I was recently asked to fast as a part of a multi-faith community fast as spiritual preparation for doing voter engagement work (I work for a multi-faith, multi-ethnic community organization.)

Here is what I was asked: "As a community, we will be working together to turn the voices of our communities into votes and it feels fitting to begin this journey collectively. Personally, I will be asking God to empty me of my fears and concerns and to fill me with strength and power. What will it mean to you?"

Somehow, this doesn't seem to resonate with Jewish traditions of fasting (ie mourning or strength for a time of great oppression). What does Halacha have to say about fasting for non-halachic reasons?

  • 2
    Eliana, welcome to Mi Yodeya and thank you for bringing your interesting question here. Please consider registering your account which will allow you to fully participate in the site. I look forward to seeing you around! (Note that it's getting late on Friday so I wouldn't expect very many answers until after Shabbat.)
    – Double AA
    Jun 8, 2012 at 22:26
  • 3
    Thanks! I figured it was cutting it close to shabbat in many parts, but better to ask before I forget!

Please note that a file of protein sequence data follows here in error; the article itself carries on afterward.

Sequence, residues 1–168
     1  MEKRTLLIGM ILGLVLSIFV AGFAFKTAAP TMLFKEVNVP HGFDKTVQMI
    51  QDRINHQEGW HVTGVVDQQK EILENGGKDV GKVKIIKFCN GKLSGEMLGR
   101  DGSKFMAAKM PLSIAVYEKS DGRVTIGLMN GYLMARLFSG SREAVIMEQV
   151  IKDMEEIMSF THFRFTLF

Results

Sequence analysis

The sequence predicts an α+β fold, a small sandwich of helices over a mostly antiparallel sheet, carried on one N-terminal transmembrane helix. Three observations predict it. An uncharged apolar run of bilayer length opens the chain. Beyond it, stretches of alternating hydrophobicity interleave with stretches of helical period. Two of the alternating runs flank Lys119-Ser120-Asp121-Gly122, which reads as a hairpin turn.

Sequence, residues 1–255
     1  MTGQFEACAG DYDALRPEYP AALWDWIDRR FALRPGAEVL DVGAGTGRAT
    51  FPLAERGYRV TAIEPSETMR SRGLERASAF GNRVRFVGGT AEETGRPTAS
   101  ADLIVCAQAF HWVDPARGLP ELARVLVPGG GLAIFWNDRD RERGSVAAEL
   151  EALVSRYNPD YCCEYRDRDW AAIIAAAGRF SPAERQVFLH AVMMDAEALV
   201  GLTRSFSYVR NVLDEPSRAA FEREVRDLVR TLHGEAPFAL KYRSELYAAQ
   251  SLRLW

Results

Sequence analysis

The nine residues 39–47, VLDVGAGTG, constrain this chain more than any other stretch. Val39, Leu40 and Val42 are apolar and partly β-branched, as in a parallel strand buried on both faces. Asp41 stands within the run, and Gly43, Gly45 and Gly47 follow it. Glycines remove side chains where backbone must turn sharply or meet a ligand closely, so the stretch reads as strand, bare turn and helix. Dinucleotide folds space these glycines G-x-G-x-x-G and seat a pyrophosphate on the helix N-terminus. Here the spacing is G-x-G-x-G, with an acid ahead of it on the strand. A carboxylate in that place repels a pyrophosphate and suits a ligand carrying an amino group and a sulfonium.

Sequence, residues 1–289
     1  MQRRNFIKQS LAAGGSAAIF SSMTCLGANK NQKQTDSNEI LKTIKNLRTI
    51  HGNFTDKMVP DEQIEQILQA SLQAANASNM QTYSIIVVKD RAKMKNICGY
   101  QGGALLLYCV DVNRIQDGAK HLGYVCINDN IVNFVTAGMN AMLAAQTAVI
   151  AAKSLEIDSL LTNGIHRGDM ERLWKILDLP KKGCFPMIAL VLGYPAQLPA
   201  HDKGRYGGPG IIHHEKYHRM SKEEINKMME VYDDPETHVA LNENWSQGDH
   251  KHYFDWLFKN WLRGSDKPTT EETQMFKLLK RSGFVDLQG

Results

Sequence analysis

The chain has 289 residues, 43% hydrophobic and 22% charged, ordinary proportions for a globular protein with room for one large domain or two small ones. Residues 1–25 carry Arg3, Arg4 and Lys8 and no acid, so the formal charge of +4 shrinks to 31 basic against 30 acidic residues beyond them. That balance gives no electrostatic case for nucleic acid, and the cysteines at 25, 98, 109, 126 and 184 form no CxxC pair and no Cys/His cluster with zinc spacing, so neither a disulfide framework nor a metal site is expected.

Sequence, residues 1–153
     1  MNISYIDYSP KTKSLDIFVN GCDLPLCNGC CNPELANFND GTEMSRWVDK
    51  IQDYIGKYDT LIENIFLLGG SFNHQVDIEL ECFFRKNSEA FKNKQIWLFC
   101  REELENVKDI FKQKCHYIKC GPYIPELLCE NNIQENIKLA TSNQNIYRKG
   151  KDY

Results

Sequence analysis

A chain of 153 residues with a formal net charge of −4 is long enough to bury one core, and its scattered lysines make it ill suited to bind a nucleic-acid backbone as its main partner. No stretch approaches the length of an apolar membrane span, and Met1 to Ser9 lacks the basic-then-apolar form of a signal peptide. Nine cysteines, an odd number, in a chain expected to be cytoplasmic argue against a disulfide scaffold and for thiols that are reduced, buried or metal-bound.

– Eliana
    Jun 8, 2012 at 22:31
  • 2
    I'm glad you did. Shabbath Shalom!
    – Seth J
    Jun 8, 2012 at 23:19

1 Answer 1


There is this (Shulchan Aruch, Orach Chaim 571:1):

One who fasts - if he is able to bear doing so, is called holy; if not - such as if he is not healthy and strong - he is called a sinner.

Mishnah Berurah there cites various authorities who apply this to voluntary fasts not in penance for specific sins; and further, that even where fasting is warranted, it is better to perform other forms of penance that won't weaken one's body, such as abstaining from unnecessary speech and studying more Torah. (R. Schneur Zalman of Liadi, in his Iggeres Hateshuvah, ch. 3, points out that tzedakah is effective for this purpose too.)

Also, Shulchan Aruch and Mishnah Berurah there note that people whose work may be impaired by their fasting - this includes full-time Torah scholars, teachers of children, and employees - must not undertake any kind of personal fasts.

All told, then, it does sound like fasting for the purpose mentioned in your question is not recommended, although of course CYLOR for practical guidance.

You must log in to answer this question.

Not the answer you're looking for? Browse other questions tagged .